by Muriel Larson
"Now as the service is ending," said our pastor, "I want you to go to others in the congregation who have been a blessing to you and tell them how much you appreciate them!"
As I sat at the organ playing softly, I watched the people mingle, hugging, shaking hands, smiling. Some went to our pianist, David, but no one came to me. I began feeling sorry for myself. They don't appreciate me or all I have done for them! I thought. I've sent cards when they were ill or grieving. I've prayed for and with them, I've faithfully played the organ. Nobody loves me! Yes, I was having a real "pity party"!
One man did finally come up and express his appreciation. But I still felt hurt as I walked out of church that night. As I started driving home, I was filled with wrong thoughts. Ooo, I thought, I'm thinking bitter-and I'm miserable! If I allow this kind of thinking to continue, I'll no longer have my peace and joy, or enjoy going to my church! But I felt so put out, I couldn't even seem to hold it up to the Lord, as I usually did with such nonsense. So I simply cried, "Help, Lord! I'm hurting!"
Right away He started setting me straight. "Now, Muriel," He seemed to say, "who are you thinking about right now?" "Myself," I answered.
"And whom have you been serving?" "You, Lord," I replied.
"You know those people love and appreciate you. They didn't need to tell you that tonight. So now put that all aside. I want to bring something else to your attention."
Now maybe this wasn't exactly the conversation we had; but I knew the Lord was laying this on me. And I suddenly remembered something: two others in key positions in our church had been feeling sorry for themselves just that morning! When I had talked to them individually, they had both seemed to feel unappreciated. Now it seemed as if the Lord were asking, "What does this suggest to you?"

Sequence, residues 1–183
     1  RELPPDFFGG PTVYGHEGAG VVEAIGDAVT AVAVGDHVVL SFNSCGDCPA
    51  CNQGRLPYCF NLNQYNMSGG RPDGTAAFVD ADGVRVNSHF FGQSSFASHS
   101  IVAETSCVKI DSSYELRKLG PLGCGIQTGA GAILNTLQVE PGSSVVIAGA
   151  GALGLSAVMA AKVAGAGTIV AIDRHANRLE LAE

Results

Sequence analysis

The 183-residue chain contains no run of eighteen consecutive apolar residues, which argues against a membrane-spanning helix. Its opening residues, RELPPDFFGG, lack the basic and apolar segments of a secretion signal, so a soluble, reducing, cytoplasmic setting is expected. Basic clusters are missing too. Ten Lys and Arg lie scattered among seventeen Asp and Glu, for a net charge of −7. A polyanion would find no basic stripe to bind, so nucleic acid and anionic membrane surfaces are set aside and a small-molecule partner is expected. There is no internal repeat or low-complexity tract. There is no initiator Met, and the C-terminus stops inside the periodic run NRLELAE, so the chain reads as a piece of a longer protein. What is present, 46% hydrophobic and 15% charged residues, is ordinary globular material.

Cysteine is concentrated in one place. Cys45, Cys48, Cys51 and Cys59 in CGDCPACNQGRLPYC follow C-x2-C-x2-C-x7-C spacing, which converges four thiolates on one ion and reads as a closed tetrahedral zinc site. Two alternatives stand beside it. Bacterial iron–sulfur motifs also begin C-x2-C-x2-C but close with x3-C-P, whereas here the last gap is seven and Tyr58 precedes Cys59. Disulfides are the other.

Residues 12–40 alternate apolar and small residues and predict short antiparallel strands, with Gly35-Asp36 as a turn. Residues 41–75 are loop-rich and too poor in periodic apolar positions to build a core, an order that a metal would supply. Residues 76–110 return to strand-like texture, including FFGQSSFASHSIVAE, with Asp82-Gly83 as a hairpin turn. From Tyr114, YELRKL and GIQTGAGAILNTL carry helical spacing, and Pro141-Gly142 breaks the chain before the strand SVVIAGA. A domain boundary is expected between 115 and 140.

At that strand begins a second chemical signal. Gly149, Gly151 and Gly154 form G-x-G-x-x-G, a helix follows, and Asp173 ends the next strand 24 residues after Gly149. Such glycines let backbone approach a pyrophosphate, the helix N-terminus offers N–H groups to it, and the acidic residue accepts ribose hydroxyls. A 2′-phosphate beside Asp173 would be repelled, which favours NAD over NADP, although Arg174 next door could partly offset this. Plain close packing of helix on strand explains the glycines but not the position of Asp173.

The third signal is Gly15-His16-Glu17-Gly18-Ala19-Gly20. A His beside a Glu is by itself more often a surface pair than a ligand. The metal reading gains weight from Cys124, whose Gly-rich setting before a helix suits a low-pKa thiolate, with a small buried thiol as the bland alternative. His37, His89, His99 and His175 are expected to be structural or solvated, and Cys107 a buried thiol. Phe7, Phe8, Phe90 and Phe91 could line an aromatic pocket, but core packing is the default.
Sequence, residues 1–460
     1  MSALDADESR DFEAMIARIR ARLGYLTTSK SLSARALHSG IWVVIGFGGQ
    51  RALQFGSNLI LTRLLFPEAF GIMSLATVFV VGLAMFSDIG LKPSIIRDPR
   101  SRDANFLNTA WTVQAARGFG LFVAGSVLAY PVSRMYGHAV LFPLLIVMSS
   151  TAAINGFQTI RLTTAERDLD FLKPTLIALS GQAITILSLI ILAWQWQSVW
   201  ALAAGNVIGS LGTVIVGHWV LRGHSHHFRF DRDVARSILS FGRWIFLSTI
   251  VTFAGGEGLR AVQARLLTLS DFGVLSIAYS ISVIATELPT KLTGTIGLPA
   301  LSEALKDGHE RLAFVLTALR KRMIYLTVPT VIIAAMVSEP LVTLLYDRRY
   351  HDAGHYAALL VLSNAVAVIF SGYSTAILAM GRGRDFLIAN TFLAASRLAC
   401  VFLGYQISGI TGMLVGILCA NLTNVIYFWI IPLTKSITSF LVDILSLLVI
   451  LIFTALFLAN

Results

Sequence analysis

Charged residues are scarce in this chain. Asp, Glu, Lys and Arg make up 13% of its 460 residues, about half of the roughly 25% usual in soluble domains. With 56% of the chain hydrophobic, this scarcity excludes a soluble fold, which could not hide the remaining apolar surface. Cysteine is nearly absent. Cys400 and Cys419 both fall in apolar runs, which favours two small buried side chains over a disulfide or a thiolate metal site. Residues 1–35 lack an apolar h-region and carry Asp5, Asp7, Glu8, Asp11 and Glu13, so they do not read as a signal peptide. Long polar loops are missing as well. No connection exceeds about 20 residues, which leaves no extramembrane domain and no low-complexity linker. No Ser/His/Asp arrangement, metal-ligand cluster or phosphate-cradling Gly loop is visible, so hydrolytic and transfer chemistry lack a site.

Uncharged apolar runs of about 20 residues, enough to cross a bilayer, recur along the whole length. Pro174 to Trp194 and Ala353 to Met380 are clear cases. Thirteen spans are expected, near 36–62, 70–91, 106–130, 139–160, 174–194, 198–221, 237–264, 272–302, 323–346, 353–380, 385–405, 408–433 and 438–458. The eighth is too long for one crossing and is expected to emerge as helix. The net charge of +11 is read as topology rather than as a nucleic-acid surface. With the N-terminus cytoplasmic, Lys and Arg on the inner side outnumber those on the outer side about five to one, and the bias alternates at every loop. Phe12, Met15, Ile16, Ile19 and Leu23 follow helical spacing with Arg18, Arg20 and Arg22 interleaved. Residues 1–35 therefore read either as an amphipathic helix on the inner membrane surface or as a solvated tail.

"Those of us in key positions in our church are under satanic attack!"
This completely snapped me out of the self-pity I had wallowed in. As I came out, I once again felt Christ's peace and joy in my heart.
I've got to share this with those other two, I thought. But how? I don't want to offend them. Then I realized that the best way would be for me to tell them the truth about myself and my self-pity. Then I could share how I believed the Lord had revealed to me that we were under satanic attack.
I knew it wouldn't show me in the best light; but I did it the following Wednesday night, privately to each man. Both men admitted that they, too, had been feeling down and unappreciated, and that Satan probably was trying to make them discontented and rob them of peace. And that's how the Lord helped three of us snap out of our "pity parties"!
Truly, we Christians need to be alert to thoughts and attitudes that might drag us down! The Apostle Peter wrote, "Be self-controlled and alert. Your enemy the devil prowls around like a roaring lion looking for someone to devour" (1 Pet. 5:8). Let's consider the dangers of our holding pity parties for ourselves-and the antidote: the wisdom of His Word.
- God tells us that when we receive His Son as our Savior, we get a new self (2 Cor. 5:17). Ephesians 4 and Colossians 3 tell us how to keep that new self in control.
- Romans 6 tells us to reckon ourselves dead to sin, but alive to God. Romans 7 shows how miserable and defeated the self-centered person is. Romans 8 shows how deliverance and victory are possible through living in the Spirit.
- Philippians 2 encourages us to have the humble mind of Christ; if we live by this passage, we'll have victory over discontent and self-pity.
- Christ's sermon on the mount (Matthew 5-7) tells us how to live in peace with God, man, and ourselves. When we forgive others, love those who despitefully use us, and return good for evil, self-pity doesn't stand a chance!
- Rejoice in the Lord always (Phil. 4:4).